Capitol Reef NP, UT

Posted January 15, 2011 by User 1


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Capitol Reef National Park, in central Utah, is one of the most remote national park in Utah. Within park boundaries, there is absolutely no significant source of light pollution. Any which may exist would require highly sensitive equipment to detect.

The "Capitol Reef" is another name for the Waterpocket Fold, a massive, 175 mile long stretch of uplift. This fold, now carved by erosion, held features resembling the Capitol building in D.C. The term "reef" referred to it being a barrier to overland travel much as coral reefs are a barrier to ships.

The park is massive and is divided into three distinct districts. The central
district is the only one accessed by paved roads. Utah Route 24 runs through here and is the only paved road to cross the reef. A scenic drive forks out from Utah 24 at Fruita and the visitor center. A picnic area just down the road makes a good place to put a large telescope. Fruita Campground is nearby and makes an excellent place to spend the night. At the west entrance, there is another road leading out from Utah 24 to Sunset Point. Sunset Point offers a panoramic view of the reef plus a good view of the sky. The point is 0.15 miles from the parking lot.

In the south is Strike Valley, a long valley created by the uplift of the fold. The easiest access is from Boulder, UT on Utah Route 12. The park is about 30 miles to the east on Burr Trail Road, a road that is paved to the park boundary where it becomes dirt. A series of switchbacks leads down into the valley. The access from Utah 24 is down Notom-Bullfrog Road just east of the park down south past Notom. The road becomes dirt sometime before entering the park. The third and final option is from Bullfrog in Glen Canyon National Recreation Area. From there, Notom-Bullfrog Road heads north into the park where the road becomes dirt. This area is extremely remote and sees very few visitors. Anywhere along the roads is suitable for telescopes with no particular "best spot".

Cathedral Valley is in the north. A high-clearance vehicle is needed though 4WD is not required. The primary access is from the south, east of the park entrance. A 60-mile loop begins by fording the Fremont River at Utah 24, heads north over a large mesa, the Hartnet, then drops into Cathedral Valley before curving back towards Utah 24. The ford may be dangerous, especially during the night and during wet weather. The Hartnet has a good number of viewpoints suitable for telescopes. Those doing nighttime landscape photography will find endless opportunities along the loop. The "cathedrals" in the valley are eroded buttes which make for interesting composition.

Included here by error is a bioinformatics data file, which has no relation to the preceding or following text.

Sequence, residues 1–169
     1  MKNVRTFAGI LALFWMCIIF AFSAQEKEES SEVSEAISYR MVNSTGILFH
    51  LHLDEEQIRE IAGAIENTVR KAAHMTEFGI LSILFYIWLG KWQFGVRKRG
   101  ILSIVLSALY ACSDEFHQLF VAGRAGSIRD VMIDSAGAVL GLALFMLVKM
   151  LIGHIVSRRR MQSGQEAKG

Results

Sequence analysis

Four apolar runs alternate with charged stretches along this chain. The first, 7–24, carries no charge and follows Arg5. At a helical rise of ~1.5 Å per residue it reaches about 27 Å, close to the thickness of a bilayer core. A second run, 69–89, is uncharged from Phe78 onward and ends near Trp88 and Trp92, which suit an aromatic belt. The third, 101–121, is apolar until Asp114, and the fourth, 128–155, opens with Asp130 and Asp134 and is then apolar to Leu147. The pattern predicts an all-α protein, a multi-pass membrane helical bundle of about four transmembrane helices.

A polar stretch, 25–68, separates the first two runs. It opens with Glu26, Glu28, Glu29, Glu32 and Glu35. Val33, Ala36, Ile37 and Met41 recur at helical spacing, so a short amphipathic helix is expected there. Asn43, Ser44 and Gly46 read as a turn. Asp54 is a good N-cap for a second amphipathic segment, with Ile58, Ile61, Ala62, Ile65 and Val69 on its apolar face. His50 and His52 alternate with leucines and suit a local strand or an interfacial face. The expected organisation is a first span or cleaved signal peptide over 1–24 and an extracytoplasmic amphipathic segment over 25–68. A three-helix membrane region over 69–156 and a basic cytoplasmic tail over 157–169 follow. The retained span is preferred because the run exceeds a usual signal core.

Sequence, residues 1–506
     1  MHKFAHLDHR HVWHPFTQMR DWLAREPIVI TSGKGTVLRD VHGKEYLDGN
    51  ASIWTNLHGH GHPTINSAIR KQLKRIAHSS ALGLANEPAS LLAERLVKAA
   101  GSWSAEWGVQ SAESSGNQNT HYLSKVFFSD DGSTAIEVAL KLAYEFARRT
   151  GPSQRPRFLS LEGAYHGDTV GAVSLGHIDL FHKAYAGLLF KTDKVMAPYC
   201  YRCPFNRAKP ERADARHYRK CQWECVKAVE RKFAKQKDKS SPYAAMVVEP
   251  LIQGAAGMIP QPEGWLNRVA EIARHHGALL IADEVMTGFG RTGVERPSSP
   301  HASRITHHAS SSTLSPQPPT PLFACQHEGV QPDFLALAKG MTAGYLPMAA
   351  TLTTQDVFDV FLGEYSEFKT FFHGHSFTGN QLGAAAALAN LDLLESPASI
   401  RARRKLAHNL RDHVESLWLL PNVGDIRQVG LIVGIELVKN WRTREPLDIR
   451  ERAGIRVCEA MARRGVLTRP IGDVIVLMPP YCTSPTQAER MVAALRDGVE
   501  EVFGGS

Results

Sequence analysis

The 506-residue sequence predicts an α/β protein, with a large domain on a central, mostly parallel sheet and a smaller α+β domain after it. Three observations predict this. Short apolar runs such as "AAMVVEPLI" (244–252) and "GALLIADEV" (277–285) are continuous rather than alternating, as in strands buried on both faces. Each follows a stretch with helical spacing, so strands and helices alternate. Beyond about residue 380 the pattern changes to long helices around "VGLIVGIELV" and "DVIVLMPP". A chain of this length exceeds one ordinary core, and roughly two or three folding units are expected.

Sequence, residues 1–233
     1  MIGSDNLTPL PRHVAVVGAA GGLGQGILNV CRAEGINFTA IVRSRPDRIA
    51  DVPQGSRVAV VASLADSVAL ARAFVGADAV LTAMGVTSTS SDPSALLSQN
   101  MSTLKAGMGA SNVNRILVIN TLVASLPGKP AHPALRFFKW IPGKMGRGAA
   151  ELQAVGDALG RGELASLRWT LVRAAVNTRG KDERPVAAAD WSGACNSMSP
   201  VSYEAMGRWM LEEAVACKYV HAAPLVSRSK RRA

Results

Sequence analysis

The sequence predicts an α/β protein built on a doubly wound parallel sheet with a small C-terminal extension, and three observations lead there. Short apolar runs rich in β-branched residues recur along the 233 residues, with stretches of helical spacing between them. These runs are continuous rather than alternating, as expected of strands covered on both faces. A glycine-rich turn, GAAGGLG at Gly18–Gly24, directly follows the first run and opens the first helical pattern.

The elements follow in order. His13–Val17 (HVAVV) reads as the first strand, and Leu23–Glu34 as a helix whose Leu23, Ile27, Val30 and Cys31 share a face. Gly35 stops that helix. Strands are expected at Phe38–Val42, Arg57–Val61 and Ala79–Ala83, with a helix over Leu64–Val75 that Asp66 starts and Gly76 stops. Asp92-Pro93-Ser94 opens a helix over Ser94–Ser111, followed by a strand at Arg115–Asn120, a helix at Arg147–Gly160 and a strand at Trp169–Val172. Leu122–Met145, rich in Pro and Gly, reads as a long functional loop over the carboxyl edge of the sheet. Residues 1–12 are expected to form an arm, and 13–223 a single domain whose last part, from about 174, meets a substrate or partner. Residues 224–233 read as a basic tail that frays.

Those looking for steady skies should look just west on Thousand Lakes Mountain, accessed by a dirt road leading out of the park. The road climbs up to a network of other roads at over 10000' above sea level. Anywhere (with a decent view of the sky) makes a good spot to setup the telescope. The road is closed in winter. Thousand Lakes Mountain can also be accessed from the west by Utah Route 72 for low-clearance vehicles. A similar mountain to the south, Boulder Mountain, makes a good alternative in winter as it is traversed by a paved road, Utah 12 which climbs up to 9600'.

The lack of global recognition coupled with its location has prevented a tourism boom as the other Utah parks have had. Therefore, services are limited. The nearest town to the park is Torrey, UT at the junction of Utah Route 12 and 24 to the west of the park. The actual town is to the west of the junction but services are scattered around. The towns and cities grow increasingly larger heading west on Utah 24 with Bicknell, followed by Loa then Richfield. Boulder, UT, for access to Strike Valley and Boulder Mountain, has very few services.

Capitol Reef has a high desert climate. Summers can be warm with highs in the 70s and lows near 40. Thunderstorms are common. Avoid dirt roads, especially washes, when one threatens. Snow falls on occasion but usually melts quickly after it falls. Winter highs are in the 40s and lows are near 20.

There is no entrance fee charged though there is a $5 fee (per vehicle for 7 days) to use the Scenic Drive beyond the picnic area. Neiher Fishlake National Forest (Thousand Island Mountain) nor Dixie National Forest (Boulder Mountain) charges a fee.

Capitol Reef National Park: http://www.nps.gov/care

Statistics - Sunset Point (December, 2010):
Limiting magnitude: 7.0-7.5
Bortle class: 2
Elevation: 6350 ft (1935 m)
Biggest source of light pollution: Torrey, UT (almost unnoticeable)
Visibility: 60+ miles (potentially 200 with a clear horizon)



This is part of a series called "Dark Skies, USA" covering locations in the United States and elsewhere where the night sky is much as it was before the light bulb.


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